The purposes of this online resource are to:

  • Describe inclusive pedagogy,
  • Explain the significance of creating an inclusive learning environment,
  • Present promising pedagogical practices that can foster inclusion, and
  • Encourage instructor reflection on current inclusive teaching practices.


Creating an inclusive classroom is critical to maintaining a welcoming and equitable educational environment that supports student learning. The outcomes of a number research studies point to the importance of inclusivity in the classroom, two of which are highlighted below.

Incidents of bias can occur in the classroom and have the potential to negatively impact the learning environment.  In a survey of 333 faculty, 38% reported at least one bias incident occurring in their classroom within the past year (Boysen and Vogel, 2009). Of the reported overt bias incidents, stereotypes were the most common (39%) followed by offensive jokes and humor (20%), avoidance or isolation (12%), slurs (9%), insults (9%), and other types (3%). Regarding subtle bias incidents reported, microassaults (44%) and microinsults (37%) were most prevalent (Boysen and Vogel, 2009). Microassaults were “verbal derogation of a specific group, discriminatory behavior, and avoidance or exclusion,” and microinsults included “assumptions about intelligence or ability, treating people like second-class citizens, viewing other cultures as abnormal, assumptions about dangerousness or criminality, and other stereotypical notions.” (p. 14) Such bias incidents have the potential to decrease students’ sense of belonging, and negatively impact the learning environment.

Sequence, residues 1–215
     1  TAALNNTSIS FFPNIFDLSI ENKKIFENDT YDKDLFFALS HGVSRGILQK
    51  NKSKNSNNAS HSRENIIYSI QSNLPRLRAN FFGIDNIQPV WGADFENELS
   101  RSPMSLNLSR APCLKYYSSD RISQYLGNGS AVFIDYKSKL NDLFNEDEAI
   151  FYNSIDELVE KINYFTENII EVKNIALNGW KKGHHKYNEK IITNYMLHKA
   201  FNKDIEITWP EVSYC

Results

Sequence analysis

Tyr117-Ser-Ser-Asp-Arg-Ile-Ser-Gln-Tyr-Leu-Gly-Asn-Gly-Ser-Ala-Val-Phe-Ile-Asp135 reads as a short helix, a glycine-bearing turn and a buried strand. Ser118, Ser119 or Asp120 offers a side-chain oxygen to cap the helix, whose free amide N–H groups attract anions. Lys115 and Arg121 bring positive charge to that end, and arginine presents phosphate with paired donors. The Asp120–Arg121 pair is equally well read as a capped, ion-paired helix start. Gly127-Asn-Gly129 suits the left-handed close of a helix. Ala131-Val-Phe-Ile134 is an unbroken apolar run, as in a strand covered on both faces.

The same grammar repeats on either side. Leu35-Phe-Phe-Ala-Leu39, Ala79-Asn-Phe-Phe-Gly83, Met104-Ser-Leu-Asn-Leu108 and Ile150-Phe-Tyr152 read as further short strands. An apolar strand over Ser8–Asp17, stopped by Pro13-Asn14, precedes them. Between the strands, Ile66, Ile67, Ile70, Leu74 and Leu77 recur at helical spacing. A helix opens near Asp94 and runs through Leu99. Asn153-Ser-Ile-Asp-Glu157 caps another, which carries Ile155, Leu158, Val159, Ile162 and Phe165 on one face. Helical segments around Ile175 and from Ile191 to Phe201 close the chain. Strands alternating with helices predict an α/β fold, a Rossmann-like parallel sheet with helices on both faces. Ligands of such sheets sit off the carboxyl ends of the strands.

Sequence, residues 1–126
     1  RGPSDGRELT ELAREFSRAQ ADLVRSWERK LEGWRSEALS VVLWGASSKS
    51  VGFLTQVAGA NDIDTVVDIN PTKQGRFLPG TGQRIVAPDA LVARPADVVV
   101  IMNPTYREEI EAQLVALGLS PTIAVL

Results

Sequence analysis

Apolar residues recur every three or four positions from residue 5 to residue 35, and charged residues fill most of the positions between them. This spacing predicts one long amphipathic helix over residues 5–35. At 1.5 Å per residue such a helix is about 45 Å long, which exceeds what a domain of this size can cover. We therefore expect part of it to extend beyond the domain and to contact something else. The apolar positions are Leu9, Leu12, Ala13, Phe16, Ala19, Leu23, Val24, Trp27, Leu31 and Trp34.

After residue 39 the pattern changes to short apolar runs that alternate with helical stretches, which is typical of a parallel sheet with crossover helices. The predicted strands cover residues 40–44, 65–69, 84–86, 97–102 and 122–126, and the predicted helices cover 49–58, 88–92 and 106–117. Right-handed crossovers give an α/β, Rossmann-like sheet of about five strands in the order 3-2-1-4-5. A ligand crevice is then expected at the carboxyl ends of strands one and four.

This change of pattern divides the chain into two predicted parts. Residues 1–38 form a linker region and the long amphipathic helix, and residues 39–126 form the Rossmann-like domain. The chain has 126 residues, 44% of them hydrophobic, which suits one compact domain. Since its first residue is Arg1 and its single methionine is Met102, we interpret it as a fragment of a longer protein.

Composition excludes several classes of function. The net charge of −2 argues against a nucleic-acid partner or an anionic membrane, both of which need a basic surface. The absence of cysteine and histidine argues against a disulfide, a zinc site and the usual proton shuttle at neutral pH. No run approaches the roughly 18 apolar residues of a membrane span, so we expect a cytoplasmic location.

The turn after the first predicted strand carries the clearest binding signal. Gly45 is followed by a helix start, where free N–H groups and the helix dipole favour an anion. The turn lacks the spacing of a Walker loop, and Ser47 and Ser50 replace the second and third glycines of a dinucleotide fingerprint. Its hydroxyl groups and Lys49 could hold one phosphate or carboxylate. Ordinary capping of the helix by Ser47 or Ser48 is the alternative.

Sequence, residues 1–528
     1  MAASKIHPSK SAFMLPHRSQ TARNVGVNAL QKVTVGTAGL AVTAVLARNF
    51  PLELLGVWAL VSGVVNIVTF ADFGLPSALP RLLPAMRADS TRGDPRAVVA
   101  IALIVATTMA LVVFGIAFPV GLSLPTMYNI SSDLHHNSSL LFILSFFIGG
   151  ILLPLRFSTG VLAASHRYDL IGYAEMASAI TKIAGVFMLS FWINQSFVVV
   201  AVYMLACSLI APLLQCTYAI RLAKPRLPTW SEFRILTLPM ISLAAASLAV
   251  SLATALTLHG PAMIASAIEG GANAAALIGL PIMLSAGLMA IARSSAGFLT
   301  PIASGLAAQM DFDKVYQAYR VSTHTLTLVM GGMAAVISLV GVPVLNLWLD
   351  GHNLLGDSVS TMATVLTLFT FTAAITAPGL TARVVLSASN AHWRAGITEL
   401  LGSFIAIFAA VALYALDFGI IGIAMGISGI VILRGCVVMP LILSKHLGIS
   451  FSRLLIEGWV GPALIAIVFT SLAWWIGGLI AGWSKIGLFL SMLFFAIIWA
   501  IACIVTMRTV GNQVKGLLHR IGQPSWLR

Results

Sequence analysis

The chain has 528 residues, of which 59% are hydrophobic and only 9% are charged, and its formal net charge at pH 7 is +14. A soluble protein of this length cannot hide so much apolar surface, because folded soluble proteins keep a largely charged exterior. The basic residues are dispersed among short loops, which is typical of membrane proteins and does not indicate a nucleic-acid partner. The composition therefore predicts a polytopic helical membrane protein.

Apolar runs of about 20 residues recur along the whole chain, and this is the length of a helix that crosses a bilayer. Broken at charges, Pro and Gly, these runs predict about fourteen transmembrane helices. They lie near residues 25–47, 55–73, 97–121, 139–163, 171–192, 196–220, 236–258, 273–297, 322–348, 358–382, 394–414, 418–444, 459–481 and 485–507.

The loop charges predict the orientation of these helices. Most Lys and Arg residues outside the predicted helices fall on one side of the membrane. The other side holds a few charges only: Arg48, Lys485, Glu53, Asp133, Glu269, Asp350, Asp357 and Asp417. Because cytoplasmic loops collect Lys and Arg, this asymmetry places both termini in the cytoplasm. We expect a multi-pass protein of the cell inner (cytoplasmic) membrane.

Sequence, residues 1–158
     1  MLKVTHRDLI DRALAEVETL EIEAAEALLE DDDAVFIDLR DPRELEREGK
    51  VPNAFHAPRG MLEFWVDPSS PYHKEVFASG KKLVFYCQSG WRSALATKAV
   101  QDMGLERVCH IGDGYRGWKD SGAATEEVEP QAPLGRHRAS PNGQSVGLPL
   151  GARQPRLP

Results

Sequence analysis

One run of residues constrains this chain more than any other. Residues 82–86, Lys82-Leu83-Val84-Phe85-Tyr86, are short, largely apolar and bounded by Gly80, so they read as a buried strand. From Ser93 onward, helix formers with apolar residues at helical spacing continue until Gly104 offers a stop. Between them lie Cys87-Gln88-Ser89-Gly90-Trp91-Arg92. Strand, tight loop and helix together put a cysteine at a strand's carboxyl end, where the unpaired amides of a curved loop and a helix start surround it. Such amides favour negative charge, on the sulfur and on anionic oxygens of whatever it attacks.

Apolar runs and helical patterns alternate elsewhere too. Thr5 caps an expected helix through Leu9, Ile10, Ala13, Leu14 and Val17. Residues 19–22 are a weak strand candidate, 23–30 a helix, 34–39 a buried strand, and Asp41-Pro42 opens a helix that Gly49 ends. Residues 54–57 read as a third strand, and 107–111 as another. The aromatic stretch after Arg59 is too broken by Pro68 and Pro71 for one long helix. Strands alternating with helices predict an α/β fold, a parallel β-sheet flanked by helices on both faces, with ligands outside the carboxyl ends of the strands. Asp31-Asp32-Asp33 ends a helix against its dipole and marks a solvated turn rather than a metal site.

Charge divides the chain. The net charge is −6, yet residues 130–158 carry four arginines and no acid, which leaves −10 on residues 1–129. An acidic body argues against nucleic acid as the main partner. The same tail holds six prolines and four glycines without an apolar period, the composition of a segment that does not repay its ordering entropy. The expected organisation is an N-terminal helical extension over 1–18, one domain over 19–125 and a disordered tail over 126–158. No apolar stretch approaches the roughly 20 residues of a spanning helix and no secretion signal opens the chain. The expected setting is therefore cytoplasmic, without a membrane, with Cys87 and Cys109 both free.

Social belonging also has the potential to influence academic achievement and well-being, particularly for groups of students historically marginalized. In a controlled psychological intervention study with college students conducted by Walton and Cohen (2011) where the researchers tracked learners from freshman to senior year. Students in the experimental groups were told their freshman year that adversity on campus was a common occurrence and would pass, while control groups did not participate in the intervention. African American students who underwent the social belonging intervention reaped substantial benefits, obtaining significantly higher GPAs and demonstrating improved health outcomes.

These online resources integrate the voices of both students and faculty, and provide a variety of practical strategies for Lafayette faculty to use inclusive approaches in the classroom.